1. I have just finished reading Ronald Huntford’s recent (2010) parallel edition of Amundsen’s and Scott’s expedition diaries. Hence the quote: it was an exercise in macabre humour, camping lore at the end of the world.

            And thanks for providing a reaction, which I had hoped for but didn’t expect. I find the deaths of Scott, Evans, Wilson, Bowers, and Oates as absurd and unnecessary as anything in the OT. The current bout of souped-up Scott lionizing gives me the creeps.

  12. And if you’re having a pee – or poopcident 1) then OUT of the camp you go!

    23:10

    If there be among you any man, that is not clean by reason of uncleanness that chanceth him by night, then shall he go abroad out of the camp, he shall not come within the camp:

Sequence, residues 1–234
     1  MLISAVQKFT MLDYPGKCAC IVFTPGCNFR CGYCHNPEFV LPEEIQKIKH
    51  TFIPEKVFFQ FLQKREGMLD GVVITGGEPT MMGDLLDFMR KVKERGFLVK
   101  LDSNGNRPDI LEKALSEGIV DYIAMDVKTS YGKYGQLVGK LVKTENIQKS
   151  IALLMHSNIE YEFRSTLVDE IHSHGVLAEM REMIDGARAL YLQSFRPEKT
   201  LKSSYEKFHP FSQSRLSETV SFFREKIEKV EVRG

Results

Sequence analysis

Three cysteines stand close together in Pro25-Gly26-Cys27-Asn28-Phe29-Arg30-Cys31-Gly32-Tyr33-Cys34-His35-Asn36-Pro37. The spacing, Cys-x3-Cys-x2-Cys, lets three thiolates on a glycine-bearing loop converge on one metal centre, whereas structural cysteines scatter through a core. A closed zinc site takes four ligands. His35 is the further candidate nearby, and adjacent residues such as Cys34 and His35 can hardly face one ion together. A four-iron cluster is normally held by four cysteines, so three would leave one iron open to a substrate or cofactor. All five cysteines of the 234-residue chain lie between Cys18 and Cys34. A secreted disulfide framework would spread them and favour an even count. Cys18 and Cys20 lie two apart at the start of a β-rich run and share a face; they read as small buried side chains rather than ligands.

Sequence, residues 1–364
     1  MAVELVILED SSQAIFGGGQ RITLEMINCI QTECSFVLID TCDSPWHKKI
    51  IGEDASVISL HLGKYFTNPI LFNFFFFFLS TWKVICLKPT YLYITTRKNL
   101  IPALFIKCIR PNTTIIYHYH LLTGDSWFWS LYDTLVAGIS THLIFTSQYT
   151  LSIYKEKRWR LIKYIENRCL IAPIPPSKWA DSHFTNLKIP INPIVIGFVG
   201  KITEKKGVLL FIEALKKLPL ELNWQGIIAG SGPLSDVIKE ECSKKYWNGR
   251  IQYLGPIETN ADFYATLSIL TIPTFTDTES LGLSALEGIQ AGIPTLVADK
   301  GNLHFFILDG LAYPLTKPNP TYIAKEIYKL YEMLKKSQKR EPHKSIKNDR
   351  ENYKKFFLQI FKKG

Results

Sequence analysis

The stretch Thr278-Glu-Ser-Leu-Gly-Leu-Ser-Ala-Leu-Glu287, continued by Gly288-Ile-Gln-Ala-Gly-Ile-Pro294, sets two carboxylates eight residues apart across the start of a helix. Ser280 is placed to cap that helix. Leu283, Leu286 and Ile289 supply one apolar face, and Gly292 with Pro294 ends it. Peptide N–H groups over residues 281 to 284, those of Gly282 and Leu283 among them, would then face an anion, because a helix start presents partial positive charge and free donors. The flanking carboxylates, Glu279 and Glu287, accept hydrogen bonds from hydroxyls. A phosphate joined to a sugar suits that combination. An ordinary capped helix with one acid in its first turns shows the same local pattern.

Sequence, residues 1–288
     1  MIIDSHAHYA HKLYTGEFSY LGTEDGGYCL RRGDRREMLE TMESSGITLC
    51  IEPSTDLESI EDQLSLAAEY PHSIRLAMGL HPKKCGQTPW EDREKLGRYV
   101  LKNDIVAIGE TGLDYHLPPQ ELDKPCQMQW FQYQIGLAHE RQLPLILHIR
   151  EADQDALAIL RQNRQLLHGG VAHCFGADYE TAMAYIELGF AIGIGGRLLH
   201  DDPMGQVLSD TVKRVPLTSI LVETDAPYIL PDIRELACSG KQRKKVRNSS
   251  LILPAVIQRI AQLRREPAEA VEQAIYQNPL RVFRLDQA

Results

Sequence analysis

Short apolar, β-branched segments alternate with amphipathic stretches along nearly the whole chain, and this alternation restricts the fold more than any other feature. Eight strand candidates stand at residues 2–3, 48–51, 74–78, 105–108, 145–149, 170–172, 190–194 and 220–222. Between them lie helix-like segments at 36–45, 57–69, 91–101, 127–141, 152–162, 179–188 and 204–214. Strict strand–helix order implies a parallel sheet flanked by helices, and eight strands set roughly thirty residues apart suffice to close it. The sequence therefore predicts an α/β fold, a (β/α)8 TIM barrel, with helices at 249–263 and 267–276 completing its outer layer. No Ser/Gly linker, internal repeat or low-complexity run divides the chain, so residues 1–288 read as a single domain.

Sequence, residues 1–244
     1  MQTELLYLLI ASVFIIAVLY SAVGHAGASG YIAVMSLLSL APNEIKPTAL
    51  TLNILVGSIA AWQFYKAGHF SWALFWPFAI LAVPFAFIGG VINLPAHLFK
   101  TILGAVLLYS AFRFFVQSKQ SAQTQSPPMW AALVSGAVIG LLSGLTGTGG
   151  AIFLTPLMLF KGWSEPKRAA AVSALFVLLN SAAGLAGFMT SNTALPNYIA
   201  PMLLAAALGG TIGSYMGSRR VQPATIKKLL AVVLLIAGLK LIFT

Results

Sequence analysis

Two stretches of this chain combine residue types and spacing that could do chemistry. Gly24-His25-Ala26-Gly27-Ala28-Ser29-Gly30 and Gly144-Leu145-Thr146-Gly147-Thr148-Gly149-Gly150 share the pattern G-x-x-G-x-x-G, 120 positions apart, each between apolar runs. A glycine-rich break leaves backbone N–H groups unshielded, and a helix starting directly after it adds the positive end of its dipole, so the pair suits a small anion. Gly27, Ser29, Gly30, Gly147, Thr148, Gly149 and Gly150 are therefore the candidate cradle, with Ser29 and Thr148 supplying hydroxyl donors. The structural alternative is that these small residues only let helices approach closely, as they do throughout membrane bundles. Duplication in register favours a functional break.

1) That’s actually a made-up word for when our cats miss the litter box.

    1. I hate to break it to you, but that’s not about peeing or poopcidents, but what were once delicately known as “nocturnal emissions”.

    2. Is that not about the risk of not being recognised on return & killed by being mistaken for the enemy?

    1. In case you hadn’t noticed, there are a few hundred million people who think the Bible is a divinely inspired guide to living today, not a cultural artifact of people who lived a few thousand years ago.

      We know why we have to clean up our poop, and it’s to prevent disease, not because God ordered us to.

  13. I once read that poor poop control was the major cause of death in ancient wartime. Seriously. Looks like there actually may be a good reason to scare troops into thinking god wants you to clean up after yourself.

    —-

    wikipedia: Lack of field hygiene and sanitation were major contributors to non-combat related casualty and death in pre-modern field armies, and continued to remain as serious threats to soldier health in modern warfare during the First World War, on the Eastern Front during the Second World War, in the Korean War, the Vietnam War and the Soviet war in Afghanistan.